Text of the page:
World Bank allocates $300 million to help Yemen key services
CAIRO (AP) — The World Bank has approved an additional $300 million for desperately needed aid for the poorest and most vulnerably households in war-torn Yemen, as well as for helping the country fight the coronavirus pandemic, according to a statement released Thursday.
Humanitarian efforts in Yemen were dealt a blow earlier this month when the United Nations raised only $1.3 billion — less than a third of what the organization had targeted to help the Arab world’s poorest country. There are growing fears that the humanitarian needs of Yemen will become overshadowed by Russia’s war in Ukraine.
“This additional financing will provide social safety nets and cash transfers to protect poor and vulnerable households across Yemen,” said Tania Meyer, World Bank Country Manager for Yemen. “The program will provide immediate relief to households, as well as strengthen their resilience to food insecurity and malnutrition in the future.”
Since 2016, the World Bank has allocated a total of US$2.5 billion to help the Yemeni people. The new grant, which comes from World Bank’s fund for the poorest countries is also expected to help Yemen’s response to the coronavirus pandemic, added the statement. So far, more than 2,000 people have died of COVID-19 in Yemen, according to figures reported by Yemeni authorities, though the actual casualty toll is believed to be much higher.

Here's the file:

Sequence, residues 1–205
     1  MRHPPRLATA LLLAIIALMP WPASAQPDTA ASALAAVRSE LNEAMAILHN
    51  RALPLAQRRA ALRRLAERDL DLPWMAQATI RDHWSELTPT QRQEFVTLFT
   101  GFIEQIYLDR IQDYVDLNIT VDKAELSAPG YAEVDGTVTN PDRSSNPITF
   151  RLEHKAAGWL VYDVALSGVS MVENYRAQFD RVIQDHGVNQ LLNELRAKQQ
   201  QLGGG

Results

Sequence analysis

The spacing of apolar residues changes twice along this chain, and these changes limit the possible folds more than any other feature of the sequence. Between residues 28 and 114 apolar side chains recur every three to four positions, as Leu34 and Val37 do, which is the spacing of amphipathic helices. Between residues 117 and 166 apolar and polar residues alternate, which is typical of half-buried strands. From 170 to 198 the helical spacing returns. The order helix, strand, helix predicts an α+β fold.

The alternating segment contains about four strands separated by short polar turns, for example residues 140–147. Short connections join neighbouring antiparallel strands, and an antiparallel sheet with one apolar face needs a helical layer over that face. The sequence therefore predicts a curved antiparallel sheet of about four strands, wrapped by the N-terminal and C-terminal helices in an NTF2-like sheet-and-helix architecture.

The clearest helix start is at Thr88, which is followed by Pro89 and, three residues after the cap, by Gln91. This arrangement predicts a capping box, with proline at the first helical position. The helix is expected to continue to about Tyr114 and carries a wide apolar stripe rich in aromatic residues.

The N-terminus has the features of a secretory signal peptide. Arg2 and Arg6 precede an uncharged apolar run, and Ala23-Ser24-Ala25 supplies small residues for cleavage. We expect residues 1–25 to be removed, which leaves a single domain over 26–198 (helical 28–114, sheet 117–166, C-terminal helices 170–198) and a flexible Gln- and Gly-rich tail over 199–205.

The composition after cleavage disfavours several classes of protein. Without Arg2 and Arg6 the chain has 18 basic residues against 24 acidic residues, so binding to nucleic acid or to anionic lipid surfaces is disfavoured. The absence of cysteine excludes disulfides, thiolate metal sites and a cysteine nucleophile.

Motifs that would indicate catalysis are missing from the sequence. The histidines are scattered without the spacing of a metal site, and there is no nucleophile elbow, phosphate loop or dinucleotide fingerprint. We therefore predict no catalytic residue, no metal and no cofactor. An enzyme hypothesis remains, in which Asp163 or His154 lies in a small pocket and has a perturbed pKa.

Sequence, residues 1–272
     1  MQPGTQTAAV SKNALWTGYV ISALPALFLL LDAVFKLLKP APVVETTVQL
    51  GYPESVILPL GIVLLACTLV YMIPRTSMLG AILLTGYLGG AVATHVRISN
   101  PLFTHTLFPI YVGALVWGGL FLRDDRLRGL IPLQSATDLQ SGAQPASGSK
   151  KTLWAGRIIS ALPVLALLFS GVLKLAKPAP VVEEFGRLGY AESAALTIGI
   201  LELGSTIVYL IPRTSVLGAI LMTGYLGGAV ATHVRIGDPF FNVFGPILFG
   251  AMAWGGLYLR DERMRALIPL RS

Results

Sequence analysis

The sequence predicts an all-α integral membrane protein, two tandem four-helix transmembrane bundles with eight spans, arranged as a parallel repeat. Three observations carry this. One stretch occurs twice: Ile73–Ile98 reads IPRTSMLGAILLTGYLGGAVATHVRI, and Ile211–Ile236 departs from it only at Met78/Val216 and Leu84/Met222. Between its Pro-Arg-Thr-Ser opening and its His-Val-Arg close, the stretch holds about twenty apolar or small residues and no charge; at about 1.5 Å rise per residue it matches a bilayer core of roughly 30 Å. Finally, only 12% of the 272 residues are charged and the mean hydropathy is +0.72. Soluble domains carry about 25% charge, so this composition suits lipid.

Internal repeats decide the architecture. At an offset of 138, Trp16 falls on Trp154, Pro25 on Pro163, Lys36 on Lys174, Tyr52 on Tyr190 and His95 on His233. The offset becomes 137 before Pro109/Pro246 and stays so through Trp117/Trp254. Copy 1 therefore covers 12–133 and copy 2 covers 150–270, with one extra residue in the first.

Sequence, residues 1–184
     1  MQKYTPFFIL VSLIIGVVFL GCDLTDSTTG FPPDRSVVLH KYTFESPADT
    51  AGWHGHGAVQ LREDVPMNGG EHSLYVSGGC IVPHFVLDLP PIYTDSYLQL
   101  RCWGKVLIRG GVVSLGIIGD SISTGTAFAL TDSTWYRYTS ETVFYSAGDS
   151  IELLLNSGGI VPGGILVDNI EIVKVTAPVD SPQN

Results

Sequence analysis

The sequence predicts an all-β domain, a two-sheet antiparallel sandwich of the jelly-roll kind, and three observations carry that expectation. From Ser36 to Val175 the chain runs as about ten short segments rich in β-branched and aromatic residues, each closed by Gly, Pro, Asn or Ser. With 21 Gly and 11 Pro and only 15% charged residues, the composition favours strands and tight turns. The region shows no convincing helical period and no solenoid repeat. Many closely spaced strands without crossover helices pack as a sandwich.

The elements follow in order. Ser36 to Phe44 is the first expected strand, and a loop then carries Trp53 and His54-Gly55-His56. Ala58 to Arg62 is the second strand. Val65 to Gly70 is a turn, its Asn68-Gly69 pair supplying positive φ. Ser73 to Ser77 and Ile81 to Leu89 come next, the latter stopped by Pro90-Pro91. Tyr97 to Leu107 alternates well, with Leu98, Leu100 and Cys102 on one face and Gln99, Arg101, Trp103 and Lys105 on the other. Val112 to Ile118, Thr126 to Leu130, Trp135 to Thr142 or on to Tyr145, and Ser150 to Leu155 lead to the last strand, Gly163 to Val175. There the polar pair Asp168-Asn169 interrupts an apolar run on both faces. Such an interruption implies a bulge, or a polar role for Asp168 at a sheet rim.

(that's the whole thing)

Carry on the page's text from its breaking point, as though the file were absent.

Yemen’s brutal war erupted in 2014 after the Houthis seized Sanaa. The Saudi-led coalition entered the war the following year to try restore the internationally recognized government. The conflict has in recent years become a regional proxy war that has killed more than 150,000 people, including over 14.500 civilians. It also created one of the worst humanitarian crises in the world.
The majority of Yemen’s roughly 32 million people live in Houthi-held areas. The rebels have for years been implicated in aid theft and withholdings in extortion schemes. More than 161,000 Yemenis are likely to experience famine over the second half of 2022, according to U.N. agencies and aid groups.
Initially, the U.N. had set out to raise $4.27 billion to help alleviate the disaster in Yemen. However, it raised less than one third of that at a pledging conference for Yemen earlier this month.
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